Tuesday, April 27, 2010

Catnaps are better when you dream

I love it when the guys in white coats come up with data confirming what dreamers and creators already know, and it's even better when a savvy reporter carries the story through the major media. The news from a recent study published in Current Biology and reported on CNN is that our ability to process and store information is greatly enhanced when we take an afternoon nap, and is ten times better when we dream during that nap.

"When you dream, your brain is trying to look at connections that you might not think of or notice when awake," suggests the lead author of the study, Robert Stickgold, the director of the Center for Sleep and Cognition at Beth Israel Deaconess Medical Center, in Boston, Massachusetts. "In the dream, the brain tries to figure out what's important and what it should keep or dump because it's of no value."

For the study, Stickgold's team directed 99 college students to memorize a complex maze they were shown on a computer screen. The researchers then placed the students inside a virtual, 3-D version of the maze and asked them to navigate to another spot within it. After taking this test a few times, half the participants took a 90-minute nap while the other half remained awake.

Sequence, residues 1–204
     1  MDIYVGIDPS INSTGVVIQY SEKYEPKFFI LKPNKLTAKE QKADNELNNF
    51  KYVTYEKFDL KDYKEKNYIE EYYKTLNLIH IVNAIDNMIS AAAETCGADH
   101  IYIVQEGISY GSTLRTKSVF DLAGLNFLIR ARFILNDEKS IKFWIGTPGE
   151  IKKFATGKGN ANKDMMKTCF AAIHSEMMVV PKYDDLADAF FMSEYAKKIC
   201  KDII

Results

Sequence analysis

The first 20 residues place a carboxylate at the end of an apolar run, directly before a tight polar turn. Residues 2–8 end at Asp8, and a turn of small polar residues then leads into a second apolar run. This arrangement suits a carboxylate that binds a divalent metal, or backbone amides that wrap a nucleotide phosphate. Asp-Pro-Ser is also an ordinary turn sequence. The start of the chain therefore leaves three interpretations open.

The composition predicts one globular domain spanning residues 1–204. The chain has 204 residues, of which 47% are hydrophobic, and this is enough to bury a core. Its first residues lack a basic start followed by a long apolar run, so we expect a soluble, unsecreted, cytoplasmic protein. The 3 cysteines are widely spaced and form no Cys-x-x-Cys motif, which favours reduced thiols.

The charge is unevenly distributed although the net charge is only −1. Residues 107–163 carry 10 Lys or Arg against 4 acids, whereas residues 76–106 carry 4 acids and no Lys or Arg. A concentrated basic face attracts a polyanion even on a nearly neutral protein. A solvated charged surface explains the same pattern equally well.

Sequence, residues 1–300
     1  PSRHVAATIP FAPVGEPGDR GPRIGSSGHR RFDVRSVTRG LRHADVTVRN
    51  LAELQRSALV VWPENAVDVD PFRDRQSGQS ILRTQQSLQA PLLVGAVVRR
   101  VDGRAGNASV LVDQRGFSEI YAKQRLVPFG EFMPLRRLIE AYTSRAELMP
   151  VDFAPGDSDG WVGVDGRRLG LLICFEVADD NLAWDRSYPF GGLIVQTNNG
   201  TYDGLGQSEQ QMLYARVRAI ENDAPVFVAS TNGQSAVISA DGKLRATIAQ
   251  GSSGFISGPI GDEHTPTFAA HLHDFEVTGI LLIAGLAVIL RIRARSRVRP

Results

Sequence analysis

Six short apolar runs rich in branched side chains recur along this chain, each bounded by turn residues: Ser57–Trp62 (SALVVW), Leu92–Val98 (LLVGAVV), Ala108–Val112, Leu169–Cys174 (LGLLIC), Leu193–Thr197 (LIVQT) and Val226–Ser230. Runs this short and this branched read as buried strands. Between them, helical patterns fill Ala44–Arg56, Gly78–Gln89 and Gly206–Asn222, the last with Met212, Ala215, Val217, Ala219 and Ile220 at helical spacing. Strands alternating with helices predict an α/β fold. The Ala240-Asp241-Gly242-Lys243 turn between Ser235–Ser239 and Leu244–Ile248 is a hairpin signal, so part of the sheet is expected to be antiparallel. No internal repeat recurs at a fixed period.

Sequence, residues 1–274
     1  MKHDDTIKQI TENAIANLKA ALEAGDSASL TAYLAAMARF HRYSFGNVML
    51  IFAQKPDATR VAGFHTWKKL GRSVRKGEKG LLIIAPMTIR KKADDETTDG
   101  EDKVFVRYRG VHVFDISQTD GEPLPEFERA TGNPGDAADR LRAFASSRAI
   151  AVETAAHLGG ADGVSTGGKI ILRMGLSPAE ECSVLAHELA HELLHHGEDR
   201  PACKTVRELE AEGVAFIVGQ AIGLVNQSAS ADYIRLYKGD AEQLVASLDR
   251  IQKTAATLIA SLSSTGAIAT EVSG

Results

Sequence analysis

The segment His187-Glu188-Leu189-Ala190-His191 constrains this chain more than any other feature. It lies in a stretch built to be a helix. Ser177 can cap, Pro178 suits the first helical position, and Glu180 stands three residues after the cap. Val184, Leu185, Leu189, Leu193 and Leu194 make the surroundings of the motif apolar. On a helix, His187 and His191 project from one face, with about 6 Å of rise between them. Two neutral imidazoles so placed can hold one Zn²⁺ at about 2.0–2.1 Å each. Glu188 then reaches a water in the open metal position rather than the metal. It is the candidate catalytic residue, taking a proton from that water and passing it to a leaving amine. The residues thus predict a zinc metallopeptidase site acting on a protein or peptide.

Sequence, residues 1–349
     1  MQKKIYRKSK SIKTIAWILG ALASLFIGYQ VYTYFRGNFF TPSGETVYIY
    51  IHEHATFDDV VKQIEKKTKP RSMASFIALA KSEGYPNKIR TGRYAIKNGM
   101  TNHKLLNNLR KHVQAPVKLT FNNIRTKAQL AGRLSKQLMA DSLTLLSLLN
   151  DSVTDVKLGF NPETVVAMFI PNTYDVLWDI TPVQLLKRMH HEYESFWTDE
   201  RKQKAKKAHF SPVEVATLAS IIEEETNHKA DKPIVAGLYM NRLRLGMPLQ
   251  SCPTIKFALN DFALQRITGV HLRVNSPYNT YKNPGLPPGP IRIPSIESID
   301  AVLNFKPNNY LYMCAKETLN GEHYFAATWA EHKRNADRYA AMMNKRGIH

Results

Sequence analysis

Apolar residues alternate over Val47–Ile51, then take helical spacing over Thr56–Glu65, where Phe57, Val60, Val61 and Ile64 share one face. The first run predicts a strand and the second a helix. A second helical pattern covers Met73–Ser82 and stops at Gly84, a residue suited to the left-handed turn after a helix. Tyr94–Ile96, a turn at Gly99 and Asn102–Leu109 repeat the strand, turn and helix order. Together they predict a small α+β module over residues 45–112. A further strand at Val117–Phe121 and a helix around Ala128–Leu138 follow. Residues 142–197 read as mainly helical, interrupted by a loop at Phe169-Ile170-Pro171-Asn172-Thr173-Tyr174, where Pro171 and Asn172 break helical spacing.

When the students were given the same test five hours later, those who had taken a nap did notably better than those who had stayed awake. The more interesting finding is that the nappers who dreamed about the maze performed ten times better than the nap-takers who didn't dream (or didn't remember dreaming). Many of the dreamers had not done too well in the initial test, which may have given their dreaming minds a spur to work on it until they got it right.
The results of this study would be no surprise to many creative people, at any point in history. So next time you have a tough assignment, take a nap - and catch your dreams as you come out of it.

Source: “Naps boost memory, but only if you dream” by Denise Mann. Reported by CNN April 23, 2010.

1 comment:

Louisa said...

Stickgold?! Great name.

His profile states:
"...Our paper on hypnagogic dreaming published in Science [in 2000] was the first paper in that journal focusing on dreaming since 1968." That's quite a gap.